The HPV vaccination should not be extended to boys as it is not cost effective, the Joint Committee on Vaccination and Immunisation (JCVI) has recommended.
In an interim statement, published today by the Department of Health, the JCVI concluded that the risk of infection in males has already been substantially reduced by good vaccine uptake in girls.
The JCVI based its conclusion on a cost-effectiveness analysis, which found extending the HPV vaccine to boys would not meet the NICE cost-effectiveness threshold of £20,000 per quality adjusted life year.
It also took into account a meta-analysis looking at 16 mathematical models that simulated the outcomes of extending the vaccination programme, which found that in areas of high vaccine coverage in girls there was little associated benefit in also vaccinating boys.
It found that vaccinating boys would only confer substantial benefit if the coverage in girls was around 40% – much lower than the current rate in the UK.
The JCVI acknowledges that vaccinating girls only does not completely eliminate the risk of HPV-related cancers in men who have sex with men, suggesting that this demographic would benefit from the vaccine being extended to boys.
But the committee instead advised a targeted programme for men who have sex with men attending GUM and HIV clinics, the pilot for which was launched in June 2016.
The statement says: ‘While it is clear that a programme to vaccinate adolescent males would provide those vaccinated with direct protection against HPV infection, and associated disease, all the evidence suggests that the risk of infection in males has already been dramatically reduced by the girls programme and that these herd effects will continue to have a substantial impact.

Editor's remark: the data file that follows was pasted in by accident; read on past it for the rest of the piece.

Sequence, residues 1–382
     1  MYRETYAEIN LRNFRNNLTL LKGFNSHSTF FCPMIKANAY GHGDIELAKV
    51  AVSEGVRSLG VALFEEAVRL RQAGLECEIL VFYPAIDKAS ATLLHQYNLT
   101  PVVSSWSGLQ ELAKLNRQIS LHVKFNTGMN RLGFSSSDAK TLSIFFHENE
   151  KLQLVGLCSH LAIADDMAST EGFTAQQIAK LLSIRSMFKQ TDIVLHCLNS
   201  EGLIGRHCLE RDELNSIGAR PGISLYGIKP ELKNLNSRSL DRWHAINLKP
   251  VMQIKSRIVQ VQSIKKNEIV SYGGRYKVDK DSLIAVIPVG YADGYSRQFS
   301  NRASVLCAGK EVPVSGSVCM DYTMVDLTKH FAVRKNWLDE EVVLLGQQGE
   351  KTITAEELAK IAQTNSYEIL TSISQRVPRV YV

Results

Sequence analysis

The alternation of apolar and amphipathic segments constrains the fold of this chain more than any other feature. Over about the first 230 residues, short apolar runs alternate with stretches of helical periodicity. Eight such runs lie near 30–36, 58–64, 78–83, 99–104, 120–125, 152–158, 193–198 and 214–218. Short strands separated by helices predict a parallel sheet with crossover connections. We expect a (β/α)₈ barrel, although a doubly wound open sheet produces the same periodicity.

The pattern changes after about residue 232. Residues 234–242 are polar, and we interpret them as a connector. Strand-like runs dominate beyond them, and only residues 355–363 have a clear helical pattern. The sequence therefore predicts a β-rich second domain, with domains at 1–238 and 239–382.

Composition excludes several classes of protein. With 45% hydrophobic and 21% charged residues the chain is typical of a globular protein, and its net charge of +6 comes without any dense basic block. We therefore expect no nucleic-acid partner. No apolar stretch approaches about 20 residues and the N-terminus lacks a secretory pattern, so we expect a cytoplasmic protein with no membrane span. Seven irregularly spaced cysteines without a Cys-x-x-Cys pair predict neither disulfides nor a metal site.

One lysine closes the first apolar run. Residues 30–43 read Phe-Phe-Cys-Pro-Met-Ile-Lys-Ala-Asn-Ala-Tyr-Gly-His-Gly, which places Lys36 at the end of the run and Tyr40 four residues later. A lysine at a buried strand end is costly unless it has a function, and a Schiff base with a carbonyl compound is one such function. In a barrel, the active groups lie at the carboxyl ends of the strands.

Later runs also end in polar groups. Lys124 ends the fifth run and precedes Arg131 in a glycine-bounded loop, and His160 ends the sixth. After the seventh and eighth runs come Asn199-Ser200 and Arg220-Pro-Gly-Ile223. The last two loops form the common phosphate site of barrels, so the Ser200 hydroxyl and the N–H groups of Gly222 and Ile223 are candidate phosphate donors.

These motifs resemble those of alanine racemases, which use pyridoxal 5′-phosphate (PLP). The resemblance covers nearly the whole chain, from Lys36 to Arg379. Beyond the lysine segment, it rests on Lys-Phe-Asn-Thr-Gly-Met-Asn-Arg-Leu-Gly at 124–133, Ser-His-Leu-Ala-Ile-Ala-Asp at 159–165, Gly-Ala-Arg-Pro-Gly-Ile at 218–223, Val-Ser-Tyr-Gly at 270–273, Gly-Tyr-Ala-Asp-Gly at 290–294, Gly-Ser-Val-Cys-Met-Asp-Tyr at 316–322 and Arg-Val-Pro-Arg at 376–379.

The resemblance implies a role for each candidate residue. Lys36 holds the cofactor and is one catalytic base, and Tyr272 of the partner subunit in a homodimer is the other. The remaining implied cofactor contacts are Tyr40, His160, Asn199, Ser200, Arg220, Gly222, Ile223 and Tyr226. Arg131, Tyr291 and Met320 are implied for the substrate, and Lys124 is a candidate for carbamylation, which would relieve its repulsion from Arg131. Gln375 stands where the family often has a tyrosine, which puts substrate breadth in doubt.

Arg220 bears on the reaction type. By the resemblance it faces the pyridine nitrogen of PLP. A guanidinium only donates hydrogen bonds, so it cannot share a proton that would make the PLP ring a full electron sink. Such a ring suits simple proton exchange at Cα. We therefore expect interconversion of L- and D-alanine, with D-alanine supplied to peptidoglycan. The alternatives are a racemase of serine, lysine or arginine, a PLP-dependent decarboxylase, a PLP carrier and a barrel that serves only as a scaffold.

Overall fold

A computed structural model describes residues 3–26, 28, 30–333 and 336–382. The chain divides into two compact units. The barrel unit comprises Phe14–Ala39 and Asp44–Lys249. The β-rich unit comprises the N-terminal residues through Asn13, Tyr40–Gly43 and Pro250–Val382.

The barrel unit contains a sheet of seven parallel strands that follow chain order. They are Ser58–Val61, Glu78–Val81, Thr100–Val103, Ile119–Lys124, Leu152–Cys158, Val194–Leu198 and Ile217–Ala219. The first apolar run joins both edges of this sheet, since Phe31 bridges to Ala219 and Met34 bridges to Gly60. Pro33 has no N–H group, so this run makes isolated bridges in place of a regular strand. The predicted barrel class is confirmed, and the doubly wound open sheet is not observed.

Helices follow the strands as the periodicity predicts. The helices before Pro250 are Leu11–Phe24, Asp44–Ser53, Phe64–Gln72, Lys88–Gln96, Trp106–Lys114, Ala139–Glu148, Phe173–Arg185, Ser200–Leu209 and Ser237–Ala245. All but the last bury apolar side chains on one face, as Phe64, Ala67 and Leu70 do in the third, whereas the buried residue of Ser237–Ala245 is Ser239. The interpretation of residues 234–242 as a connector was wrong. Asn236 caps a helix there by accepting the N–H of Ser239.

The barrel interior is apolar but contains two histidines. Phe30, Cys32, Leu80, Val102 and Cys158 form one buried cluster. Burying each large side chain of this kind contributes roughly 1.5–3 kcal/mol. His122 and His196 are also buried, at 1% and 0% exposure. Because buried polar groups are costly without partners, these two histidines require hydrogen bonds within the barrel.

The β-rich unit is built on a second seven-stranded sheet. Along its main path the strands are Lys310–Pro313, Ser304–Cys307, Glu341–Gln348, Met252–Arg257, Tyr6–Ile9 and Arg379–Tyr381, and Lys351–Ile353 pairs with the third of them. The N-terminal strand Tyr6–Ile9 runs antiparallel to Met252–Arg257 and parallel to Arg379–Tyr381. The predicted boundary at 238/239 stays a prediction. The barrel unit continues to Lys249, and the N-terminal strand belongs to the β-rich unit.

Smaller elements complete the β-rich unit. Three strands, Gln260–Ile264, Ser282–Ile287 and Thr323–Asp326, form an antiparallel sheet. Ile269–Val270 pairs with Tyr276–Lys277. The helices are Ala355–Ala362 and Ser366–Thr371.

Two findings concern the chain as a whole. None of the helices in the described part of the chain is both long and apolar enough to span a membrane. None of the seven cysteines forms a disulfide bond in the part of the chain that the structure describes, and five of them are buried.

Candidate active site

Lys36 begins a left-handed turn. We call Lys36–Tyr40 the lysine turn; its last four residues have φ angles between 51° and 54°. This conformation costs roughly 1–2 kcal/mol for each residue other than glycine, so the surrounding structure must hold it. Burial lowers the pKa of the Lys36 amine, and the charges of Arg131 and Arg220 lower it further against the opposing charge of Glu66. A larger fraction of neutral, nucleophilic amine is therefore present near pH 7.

‘Therefore, most of the benefit in boys can be achieved through achieving high uptake in a girls-only vaccination programme.’
BMA GP Committee prescribing lead Dr Andrew Green said: ‘I am very disappointed that the opportunity to protect boys has not been taken.
‘There is a significant population of men who have sex with men and the burden of HPV-related disease affects them every bit as much as women. The only way to offer them effective protection is a universal vaccination programme for boys.’
The JCVI statement was also met with criticism from charities such as the Terrence Higgins Trust and Jo’s Cervical Cancer Trust.
Ian Green, chief executive of the Terrence Higgins Trust, said: ‘We are deeply disappointed by this short-sighted recommendation to deny teenage boys the potentially life-saving HPV vaccine.
‘To eradicate HPV and protect people from related cancers, we need protection for boys and girls before they become sexually active. While this is ‘interim’ advice, it is a worrying sign.
‘Before a final decision is taken, we strongly urge the Government to listen to the campaigners, experts, charities, parents and young people who have campaigned so passionately for equal access to the vaccine, and to do the right thing.’
The DH will consult with stakeholders on the JCVI statement before final advice is published.